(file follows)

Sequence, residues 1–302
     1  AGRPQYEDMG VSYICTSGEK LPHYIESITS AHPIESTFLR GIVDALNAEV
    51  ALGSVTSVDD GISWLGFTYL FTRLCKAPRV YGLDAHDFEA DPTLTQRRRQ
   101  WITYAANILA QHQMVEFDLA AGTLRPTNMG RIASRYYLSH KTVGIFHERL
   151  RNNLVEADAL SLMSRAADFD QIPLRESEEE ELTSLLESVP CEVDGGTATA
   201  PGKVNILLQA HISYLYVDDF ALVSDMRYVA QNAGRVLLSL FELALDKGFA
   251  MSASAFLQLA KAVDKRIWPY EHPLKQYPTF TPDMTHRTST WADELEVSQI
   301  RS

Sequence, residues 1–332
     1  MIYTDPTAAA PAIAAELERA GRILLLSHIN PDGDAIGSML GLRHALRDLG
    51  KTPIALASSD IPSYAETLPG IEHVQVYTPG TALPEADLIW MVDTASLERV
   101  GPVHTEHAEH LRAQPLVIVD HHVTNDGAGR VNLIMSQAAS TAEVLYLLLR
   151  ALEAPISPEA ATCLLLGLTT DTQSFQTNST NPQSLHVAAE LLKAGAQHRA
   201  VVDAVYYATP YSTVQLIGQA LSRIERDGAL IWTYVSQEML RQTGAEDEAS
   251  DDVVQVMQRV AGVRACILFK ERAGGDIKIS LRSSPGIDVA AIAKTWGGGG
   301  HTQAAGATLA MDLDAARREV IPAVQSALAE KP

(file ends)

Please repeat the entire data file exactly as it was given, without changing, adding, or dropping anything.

Sequence, residues 1–302
     1  AGRPQYEDMG VSYICTSGEK LPHYIESITS AHPIESTFLR GIVDALNAEV
    51  ALGSVTSVDD GISWLGFTYL FTRLCKAPRV YGLDAHDFEA DPTLTQRRRQ
   101  WITYAANILA QHQMVEFDLA AGTLRPTNMG RIASRYYLSH KTVGIFHERL
   151  RNNLVEADAL SLMSRAADFD QIPLRESEEE ELTSLLESVP CEVDGGTATA
   201  PGKVNILLQA HISYLYVDDF ALVSDMRYVA QNAGRVLLSL FELALDKGFA
   251  MSASAFLQLA KAVDKRIWPY EHPLKQYPTF TPDMTHRTST WADELEVSQI
   301  RS

Sequence, residues 1–332
     1  MIYTDPTAAA PAIAAELERA GRILLLSHIN PDGDAIGSML GLRHALRDLG
    51  KTPIALASSD IPSYAETLPG IEHVQVYTPG TALPEADLIW MVDTASLERV
   101  GPVHTEHAEH LRAQPLVIVD HHVTNDGAGR VNLIMSQAAS TAEVLYLLLR
   151  ALEAPISPEA ATCLLLGLTT DTQSFQTNST NPQSLHVAAE LLKAGAQHRA
   201  VVDAVYYATP YSTVQLIGQA LSRIERDGAL IWTYVSQEML RQTGAEDEAS
   251  DDVVQVMQRV AGVRACILFK ERAGGDIKIS LRSSPGIDVA AIAKTWGGGG
   301  HTQAAGATLA MDLDAARREV IPAVQSALAE KP